Thursday, 27 March 2014

Whitstable Castle in Wonderland

Murder mystery evenings have been among the events organised at Whitstable Castle since its restoration, where real life gets 'mysteriouser and mysteriouser', to almost quote Alice in Wonderland.
On 6th March, Canterbury City Council's executive approved a £15,000 emergency grant to the Castle following a confidential report explaining the reasons behind the application to cover core costs for 6-8 weeks. As you'll see from here (scroll down to item 206) the word 'emergency' was used several times in the minutes and the reason for the decision was given as 'The funding minimises the risk of the Council having to take back the building and prevents immediate insolvency of the Trust'. 
The Trust which runs the Castle (the property is owned by the council) declined to comment at the time on this, or on the hasty departure of the latest in a series of managers.
Finally, one of the trustees has this week spoken to the admirably dogged Whitstable Times*, saying: "The trustees applied for a grant from the single grants gateway panel, like many other charities in the district do.
"We are not and never have been insolvent."
So was there no real 'emergency' after all - just a run-of-the-mill request for a bit of help? In which case, was the council's formal minute about the Trust being in dire danger of losing the Castle just somebody's exaggeration?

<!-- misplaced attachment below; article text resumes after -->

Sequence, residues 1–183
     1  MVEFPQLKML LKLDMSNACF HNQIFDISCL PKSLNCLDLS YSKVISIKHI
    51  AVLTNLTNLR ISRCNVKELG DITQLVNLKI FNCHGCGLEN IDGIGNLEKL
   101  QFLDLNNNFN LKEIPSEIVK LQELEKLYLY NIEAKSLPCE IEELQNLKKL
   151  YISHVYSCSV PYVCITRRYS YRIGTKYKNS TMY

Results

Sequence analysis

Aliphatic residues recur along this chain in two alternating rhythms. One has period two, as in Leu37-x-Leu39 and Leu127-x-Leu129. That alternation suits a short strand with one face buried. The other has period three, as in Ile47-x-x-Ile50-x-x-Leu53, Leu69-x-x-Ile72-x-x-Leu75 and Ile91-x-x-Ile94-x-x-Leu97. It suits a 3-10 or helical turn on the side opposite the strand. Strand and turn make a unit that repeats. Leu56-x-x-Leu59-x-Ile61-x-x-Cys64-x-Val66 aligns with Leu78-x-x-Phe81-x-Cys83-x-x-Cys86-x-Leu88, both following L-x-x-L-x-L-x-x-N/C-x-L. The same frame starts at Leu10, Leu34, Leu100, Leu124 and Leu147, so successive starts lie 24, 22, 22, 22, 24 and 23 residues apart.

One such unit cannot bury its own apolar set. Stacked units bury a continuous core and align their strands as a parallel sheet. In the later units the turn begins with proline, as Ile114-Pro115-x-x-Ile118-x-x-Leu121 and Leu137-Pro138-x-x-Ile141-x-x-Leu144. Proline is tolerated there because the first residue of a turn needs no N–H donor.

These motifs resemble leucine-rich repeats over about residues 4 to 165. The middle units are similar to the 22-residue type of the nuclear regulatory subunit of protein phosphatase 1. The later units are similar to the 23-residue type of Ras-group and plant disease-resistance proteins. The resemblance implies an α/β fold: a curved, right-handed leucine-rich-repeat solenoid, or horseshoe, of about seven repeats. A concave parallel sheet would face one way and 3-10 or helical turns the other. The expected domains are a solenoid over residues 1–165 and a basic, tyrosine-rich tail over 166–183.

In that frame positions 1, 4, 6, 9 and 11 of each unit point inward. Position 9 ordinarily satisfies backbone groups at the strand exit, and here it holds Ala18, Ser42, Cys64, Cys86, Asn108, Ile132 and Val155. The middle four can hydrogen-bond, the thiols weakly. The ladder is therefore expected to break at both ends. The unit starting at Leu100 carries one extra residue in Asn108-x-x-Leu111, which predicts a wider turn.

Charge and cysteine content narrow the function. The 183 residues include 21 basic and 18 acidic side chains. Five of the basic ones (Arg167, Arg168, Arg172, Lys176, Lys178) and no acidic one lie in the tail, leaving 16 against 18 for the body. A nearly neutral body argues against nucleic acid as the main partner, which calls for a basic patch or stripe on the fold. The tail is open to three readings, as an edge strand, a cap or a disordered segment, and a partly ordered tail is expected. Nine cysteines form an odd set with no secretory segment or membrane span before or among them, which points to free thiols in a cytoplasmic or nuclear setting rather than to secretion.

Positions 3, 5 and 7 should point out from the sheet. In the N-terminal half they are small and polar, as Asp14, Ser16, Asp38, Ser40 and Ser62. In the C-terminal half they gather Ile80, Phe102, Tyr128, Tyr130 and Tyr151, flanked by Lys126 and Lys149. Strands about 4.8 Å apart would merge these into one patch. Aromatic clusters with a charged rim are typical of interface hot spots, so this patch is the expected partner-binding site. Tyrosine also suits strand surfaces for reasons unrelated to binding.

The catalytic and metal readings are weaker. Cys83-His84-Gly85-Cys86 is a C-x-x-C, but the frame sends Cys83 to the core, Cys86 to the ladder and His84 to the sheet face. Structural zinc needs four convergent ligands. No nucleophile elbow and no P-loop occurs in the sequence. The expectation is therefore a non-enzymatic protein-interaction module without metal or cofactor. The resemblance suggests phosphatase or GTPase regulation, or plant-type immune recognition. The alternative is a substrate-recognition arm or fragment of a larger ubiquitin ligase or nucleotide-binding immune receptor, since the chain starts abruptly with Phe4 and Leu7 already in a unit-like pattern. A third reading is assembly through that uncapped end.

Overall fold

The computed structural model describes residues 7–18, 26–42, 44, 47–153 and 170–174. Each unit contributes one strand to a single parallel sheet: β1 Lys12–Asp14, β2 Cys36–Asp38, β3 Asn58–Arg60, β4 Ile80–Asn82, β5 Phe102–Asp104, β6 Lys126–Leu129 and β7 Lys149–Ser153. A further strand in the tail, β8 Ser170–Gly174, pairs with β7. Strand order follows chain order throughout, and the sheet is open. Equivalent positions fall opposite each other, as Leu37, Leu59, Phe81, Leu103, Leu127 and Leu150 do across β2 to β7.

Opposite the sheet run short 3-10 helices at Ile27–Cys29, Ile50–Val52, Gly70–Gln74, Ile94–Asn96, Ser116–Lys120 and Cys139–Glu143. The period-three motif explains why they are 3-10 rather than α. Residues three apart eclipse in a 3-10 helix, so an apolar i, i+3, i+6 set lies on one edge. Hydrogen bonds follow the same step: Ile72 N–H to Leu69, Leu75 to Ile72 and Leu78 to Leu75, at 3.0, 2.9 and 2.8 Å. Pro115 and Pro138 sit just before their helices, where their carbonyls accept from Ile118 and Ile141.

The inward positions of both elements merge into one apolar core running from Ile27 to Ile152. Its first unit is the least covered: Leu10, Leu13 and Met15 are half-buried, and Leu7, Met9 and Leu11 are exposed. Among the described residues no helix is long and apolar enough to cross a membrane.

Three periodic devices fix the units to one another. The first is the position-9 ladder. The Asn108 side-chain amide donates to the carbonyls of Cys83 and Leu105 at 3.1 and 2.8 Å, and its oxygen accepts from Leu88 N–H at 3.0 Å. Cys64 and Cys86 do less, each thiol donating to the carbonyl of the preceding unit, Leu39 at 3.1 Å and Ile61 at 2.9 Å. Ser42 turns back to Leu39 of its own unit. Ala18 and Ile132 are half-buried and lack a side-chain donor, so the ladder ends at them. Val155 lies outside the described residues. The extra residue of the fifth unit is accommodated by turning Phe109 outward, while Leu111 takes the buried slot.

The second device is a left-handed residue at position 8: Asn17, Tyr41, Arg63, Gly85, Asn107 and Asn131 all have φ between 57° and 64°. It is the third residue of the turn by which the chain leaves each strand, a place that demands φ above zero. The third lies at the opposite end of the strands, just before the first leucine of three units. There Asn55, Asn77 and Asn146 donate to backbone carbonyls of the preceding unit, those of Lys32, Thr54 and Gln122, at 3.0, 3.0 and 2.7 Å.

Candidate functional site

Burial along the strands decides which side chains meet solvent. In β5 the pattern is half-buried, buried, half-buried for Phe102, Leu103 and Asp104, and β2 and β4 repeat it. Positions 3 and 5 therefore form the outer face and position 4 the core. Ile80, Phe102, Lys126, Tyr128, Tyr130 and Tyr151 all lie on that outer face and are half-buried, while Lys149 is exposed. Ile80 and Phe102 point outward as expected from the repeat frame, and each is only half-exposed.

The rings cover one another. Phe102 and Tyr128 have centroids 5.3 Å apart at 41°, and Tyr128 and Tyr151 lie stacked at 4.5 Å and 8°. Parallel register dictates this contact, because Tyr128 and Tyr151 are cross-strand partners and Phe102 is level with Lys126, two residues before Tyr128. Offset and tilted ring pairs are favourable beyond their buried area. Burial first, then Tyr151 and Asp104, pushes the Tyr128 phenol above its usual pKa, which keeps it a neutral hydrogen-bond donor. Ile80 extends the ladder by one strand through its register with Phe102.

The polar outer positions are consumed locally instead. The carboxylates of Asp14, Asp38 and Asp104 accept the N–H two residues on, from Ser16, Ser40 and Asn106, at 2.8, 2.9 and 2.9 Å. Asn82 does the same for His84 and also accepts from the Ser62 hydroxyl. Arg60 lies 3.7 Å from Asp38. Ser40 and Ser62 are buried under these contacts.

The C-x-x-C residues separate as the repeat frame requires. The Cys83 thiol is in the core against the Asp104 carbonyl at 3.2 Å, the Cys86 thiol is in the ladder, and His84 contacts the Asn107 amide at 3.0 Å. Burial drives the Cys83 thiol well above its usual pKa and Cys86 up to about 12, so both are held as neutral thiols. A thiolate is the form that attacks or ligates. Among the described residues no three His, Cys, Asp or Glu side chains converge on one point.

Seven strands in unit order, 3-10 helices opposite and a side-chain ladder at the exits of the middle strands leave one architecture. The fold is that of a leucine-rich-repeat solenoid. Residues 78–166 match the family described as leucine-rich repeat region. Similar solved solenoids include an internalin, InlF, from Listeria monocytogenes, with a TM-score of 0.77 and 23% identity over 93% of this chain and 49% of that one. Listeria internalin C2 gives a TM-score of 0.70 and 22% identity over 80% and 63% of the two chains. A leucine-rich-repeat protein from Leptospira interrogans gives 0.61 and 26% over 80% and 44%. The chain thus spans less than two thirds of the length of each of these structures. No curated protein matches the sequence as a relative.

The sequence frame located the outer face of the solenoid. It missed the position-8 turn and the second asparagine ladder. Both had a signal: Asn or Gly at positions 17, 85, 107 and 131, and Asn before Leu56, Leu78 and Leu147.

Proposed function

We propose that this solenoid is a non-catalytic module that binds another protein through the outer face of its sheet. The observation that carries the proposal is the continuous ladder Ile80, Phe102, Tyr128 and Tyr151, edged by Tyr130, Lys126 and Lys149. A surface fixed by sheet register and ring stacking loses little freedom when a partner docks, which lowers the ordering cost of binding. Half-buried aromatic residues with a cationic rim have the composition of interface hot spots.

My sniffing and observing over the last couple of weeks has seen one of the confidential reasons for the grant application emerge from two different sources (which suggests a degree of corroboration). It looks as if there has been a backlog in filing some financial accounts to the board, although this does not seem to be the fault of the voluntary treasurer whom I know to be a highly experienced, diligent and conscientious person.
If so the call for cash could, indeed, have been put forward as vital with the financial year-end only weeks away, but surely it should have been explained and responded to as a temporary situation rather than mortal danger?
And perhaps if, as the trustee suggests, the Castle is a long way from insolvency, a loan would have sufficed.
Emergency, what emergency?
To quote again from Lewis Carroll: "When I use a word, it means just what I choose it to mean," (after Humpty Dumpty).

*(I can't give you a link to the Times story because it has disappeared from the Times website, possibly because of an ironic mix-up over the words loan and grant in a heading which needs to be rectified.)

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